Comments…..I am curious to find out how the Gov boosted the $ ? Some of the economists you cite had predicted the rise a month ago. Bob Chapman said yesterday the strengthening was Gov intervention. Please clarify.

    2. I think the dollar rally probably has multiple factors, but if the US govt (and other govts) wanted to boost the dollar, they certainly could — at least for a limited time. I am not an expert at foreign currency transaction and CDS, but I believe the Fed tried to do something like this earlier this year. I read Chapman’s piece, but he did not elaborate as to how this is being executed.

      If the Fed did want to boost the dollar, this is how they might do it: Fed Using Currency Swaps to Boost the Dollar

      In addition, I think that the dollar could potentially see a more “natural” rally. Take a look at what happened in the day or two following Dubai… And today, for example, as Greece’s credit risks scare investors, we see capital pouring back into the dollar and US Treasuries. It seems that no matter how much smack they talk around the world, the US Dollar remains the safe haven asset…. This will change, in my view, eventually, but for now, investors run to the US when the SHTF in financial markets around the world.

      From Bloomberg 12/17/09:

      “The dollar rose to the highest level in three months against the euro while stocks and commodities slid as investors shunned risky assets on concern the global economic rebound will stall. Treasuries rallied. “

      Europe is worse off than the US, but no one over there is talking about it. It may very well be that the “collapse” will start in Europe and then move here…. In fact, it can be argued that a debt collapse in Europe was partially responsible for the 1930’s Depression…

      Lots of variables at play and to get anywhere close to understanding wtf is going on, we would need to look at every aspect of the global economy.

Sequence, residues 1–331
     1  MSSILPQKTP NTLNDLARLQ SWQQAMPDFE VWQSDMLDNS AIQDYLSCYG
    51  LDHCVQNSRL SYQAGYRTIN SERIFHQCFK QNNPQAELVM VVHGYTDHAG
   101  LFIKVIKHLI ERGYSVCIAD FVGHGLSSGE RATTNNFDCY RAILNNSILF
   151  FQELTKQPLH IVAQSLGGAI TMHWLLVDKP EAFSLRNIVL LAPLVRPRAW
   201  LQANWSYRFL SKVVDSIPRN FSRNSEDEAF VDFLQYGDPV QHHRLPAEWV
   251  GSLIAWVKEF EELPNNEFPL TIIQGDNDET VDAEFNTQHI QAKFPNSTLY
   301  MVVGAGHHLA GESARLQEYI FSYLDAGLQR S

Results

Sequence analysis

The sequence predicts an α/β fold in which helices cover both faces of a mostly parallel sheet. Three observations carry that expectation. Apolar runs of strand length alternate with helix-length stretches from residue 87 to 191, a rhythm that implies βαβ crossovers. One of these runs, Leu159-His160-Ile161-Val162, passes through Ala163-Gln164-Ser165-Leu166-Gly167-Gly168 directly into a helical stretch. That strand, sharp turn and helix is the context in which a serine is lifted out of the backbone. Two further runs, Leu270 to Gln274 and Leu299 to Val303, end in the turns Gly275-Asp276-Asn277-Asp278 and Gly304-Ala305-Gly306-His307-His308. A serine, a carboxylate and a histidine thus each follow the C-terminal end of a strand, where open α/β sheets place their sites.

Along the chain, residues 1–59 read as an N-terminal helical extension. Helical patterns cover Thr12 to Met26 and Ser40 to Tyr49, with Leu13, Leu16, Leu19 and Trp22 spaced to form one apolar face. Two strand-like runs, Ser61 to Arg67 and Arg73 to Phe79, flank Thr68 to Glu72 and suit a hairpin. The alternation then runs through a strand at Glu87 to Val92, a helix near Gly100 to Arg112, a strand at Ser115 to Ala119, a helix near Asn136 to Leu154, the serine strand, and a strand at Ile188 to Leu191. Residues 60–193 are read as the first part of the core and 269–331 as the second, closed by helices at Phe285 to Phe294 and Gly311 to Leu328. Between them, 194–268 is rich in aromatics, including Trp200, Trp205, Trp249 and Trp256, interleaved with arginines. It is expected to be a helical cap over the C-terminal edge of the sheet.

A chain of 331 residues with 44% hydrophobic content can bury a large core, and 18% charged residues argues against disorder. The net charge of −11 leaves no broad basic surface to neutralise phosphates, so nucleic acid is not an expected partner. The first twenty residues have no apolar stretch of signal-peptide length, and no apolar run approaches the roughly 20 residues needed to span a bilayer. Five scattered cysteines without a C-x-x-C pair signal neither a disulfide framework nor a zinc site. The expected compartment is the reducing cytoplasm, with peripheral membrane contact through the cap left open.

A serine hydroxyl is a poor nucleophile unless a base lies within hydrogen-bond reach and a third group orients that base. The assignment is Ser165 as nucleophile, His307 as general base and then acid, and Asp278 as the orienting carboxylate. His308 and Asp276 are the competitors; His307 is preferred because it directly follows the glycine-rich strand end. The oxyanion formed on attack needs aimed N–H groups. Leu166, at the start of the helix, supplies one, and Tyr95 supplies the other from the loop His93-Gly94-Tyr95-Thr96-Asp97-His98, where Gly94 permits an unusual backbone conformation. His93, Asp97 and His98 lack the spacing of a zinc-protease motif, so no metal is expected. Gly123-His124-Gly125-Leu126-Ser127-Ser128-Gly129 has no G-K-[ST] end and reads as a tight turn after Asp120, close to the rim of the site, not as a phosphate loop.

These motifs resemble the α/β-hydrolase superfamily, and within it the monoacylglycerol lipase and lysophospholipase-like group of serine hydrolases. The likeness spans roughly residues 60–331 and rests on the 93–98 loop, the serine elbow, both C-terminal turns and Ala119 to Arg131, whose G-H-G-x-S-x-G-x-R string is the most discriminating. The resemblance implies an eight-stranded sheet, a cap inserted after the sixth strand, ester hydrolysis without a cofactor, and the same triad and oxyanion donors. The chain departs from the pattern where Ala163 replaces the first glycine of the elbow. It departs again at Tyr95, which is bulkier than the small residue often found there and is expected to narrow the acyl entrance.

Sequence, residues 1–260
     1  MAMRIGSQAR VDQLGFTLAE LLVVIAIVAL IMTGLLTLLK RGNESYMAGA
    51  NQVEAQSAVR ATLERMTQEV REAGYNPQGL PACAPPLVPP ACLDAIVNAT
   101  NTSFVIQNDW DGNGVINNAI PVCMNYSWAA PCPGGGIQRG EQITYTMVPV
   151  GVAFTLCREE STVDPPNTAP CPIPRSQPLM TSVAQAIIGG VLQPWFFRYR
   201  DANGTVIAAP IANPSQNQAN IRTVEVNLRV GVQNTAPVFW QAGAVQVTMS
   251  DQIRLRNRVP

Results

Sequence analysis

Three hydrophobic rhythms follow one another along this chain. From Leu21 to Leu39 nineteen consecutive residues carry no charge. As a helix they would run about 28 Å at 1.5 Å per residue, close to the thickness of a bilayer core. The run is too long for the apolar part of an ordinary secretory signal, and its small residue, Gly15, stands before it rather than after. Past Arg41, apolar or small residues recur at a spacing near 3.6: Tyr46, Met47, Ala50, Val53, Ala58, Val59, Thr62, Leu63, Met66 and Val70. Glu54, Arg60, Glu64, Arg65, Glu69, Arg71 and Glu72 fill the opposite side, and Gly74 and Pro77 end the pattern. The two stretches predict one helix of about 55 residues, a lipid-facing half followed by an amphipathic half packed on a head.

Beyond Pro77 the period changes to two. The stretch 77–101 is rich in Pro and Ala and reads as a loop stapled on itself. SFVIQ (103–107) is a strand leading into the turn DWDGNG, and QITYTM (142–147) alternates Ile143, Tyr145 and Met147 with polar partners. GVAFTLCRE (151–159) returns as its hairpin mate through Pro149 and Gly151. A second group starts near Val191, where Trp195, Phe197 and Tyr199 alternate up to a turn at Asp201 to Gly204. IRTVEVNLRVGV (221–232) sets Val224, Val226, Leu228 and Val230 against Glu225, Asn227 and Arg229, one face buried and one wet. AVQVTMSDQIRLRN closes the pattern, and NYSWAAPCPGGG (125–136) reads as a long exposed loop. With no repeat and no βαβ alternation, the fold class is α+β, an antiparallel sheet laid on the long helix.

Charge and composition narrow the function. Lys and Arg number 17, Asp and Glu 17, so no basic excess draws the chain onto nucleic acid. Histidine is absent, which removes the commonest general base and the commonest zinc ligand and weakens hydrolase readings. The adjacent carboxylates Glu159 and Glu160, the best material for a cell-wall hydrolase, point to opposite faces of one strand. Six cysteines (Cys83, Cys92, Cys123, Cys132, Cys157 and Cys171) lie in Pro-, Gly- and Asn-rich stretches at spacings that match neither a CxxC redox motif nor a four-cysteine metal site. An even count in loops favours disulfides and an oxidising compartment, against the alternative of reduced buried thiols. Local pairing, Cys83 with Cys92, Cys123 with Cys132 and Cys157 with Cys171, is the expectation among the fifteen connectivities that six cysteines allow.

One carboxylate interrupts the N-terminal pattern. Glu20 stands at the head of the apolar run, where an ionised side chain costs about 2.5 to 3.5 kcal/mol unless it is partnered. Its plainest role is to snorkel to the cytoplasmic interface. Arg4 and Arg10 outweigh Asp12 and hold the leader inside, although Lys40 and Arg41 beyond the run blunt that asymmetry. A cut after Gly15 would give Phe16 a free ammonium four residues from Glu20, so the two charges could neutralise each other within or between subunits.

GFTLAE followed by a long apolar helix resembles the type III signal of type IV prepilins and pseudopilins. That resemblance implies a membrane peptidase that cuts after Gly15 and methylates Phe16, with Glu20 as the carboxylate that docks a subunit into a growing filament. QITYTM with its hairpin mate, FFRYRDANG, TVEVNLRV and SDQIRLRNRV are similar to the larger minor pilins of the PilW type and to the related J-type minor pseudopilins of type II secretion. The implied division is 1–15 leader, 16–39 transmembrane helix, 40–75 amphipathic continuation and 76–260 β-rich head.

3. Rick Blaine says:

      I am officially a “pro.”

      A professional guesser anyway.

      Well, we’ll see how this goes…when I said I thought the dollar would rebound, I was thinking an index well above 80…maybe even 90 – to around the March ’09 level…and that is still a long ways off…

    4. Greg Rice says:

      This is horribly paranoid… but remember how artificial the oil rally felt – well above $100 for no reasons – only those offered on TV by guessers.  Remember when the market crumble last Fall and felt bottomless…  then rallied with no end in site – forces are at play while the average investor sits on the sidelines.  The dollar rally almost seems “planned”.  How else can large (Soros sized) funds collect on the carry trade?  I agree with this fork in the road analysis – darned if it do – darned if it don’t.  I’m feeling a lot of pain with fewer brown bags when I buy $100 worth of groceries or $100 worth of booze – but certainly no wage based inflation (you get a pay raise in 2009?)  Point here – the dollar spike will make several assets cheaper – if you don’t own commods or metals now – think about that dollar cost average play with a increased exposure to such.  If you ran the rally in equity – ring some of the register. 

      This market’s reins are in the hands of other forces.  Macro we are skewered.  Micro hurts worse.  Bet wisely.